With every hour that passes, it becomes more plausible that the current Lebanese Cabinet is witnessing its last few days—even hours. So, in case Prime Minister Hassan Diab resigns as he is expected to do soon, what’s next for Lebanon?
Lebanon’s current political atmosphere is quite similar to that which prevailed in October 2019.
Only, today, a much more powerful variable is putting more serious pressure on the government than are the protests, which were the primary reason behind former Prime Minister Saad Hariri’s resignation last year.
This variable is the deadly Beirut explosion that has caused many officials to break their involvement in government that is now even more detested by the Lebanese people than before the national tragedy of August 4th.
As this article forms, the Council of Ministers is convened in what the media is referring to as a symbolic “formal meeting” that is only there to precede PM Diab’s announcement of resignation.
If this proves true and Diab does resign on Monday, Lebanon’s political stage will replay the scenario that followed the end of Hariri’s government in October.
The search for a new prime minister to form a fresh government will ensue after the current government becomes a caretaker one, as per constitutional procedures.
This means that the current ministers will take on limited and mostly administrative roles until a new government is formed and becomes ready to take the helm.
It’s worth noting that, judging by similar past occurrences in Lebanon, the caretaker government may remain in charge for several months if an agreement regarding the new candidate for prime minister is not reached easily.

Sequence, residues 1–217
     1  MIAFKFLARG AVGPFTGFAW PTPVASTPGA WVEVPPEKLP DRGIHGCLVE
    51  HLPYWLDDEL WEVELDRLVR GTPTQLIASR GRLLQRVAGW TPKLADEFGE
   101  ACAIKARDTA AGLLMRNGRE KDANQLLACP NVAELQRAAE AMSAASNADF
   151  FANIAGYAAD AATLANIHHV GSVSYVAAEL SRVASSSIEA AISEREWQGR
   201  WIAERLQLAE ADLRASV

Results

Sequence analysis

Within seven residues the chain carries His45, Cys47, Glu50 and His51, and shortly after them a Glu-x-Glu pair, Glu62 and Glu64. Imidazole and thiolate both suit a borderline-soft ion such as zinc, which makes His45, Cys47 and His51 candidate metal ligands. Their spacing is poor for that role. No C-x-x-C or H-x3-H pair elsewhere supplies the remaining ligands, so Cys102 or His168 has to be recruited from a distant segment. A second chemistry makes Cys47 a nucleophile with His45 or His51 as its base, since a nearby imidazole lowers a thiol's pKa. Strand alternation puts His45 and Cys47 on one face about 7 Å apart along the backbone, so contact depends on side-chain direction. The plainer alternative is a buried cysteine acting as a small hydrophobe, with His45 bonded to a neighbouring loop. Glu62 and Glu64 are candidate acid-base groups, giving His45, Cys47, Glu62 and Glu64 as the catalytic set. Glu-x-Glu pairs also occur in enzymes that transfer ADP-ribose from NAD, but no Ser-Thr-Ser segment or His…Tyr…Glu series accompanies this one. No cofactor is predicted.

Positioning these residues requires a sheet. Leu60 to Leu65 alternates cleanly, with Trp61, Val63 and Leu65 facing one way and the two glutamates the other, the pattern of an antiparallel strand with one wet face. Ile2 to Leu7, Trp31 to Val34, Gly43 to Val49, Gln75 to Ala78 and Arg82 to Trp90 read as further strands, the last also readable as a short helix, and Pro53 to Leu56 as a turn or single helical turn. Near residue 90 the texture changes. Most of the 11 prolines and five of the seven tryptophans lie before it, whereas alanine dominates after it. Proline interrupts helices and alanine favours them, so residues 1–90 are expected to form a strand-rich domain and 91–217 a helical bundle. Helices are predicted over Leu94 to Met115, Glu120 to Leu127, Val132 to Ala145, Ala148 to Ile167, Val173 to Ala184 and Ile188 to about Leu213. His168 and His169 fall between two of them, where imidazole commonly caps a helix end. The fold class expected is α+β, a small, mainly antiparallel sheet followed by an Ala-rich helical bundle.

Whether this happens depends on a plethora of factors, including the street’s pressure, the interests of which are known to – so far – contradict with those of the ruling class.
When eventually formed, the cabinet will then have to earn the Parliament’s vote of confidence before it can be recognized as the current government’s official successor.
Whatever developments surface during the caretaker phase will be pivotal for determining who will represent the Lebanese authority next.
If the 2019 government resignation scenario is to be taken as a reference, the struggle between the authority and the street will most likely intensify as the latter takes the opportunity to push for the demands that have been echoing for nearly a year.
With all that said, of course, it’s not possible to say with certainty that Hassan Diab’s government will dissolve this week, if not this very day.
Nonetheless, if ministers continue to resign left and right as they have been since the Beirut explosion, and considering the constitutional implications of that, then the Prime Minister cannot evade an inevitable resignation, even if he decides not to initiate it himself.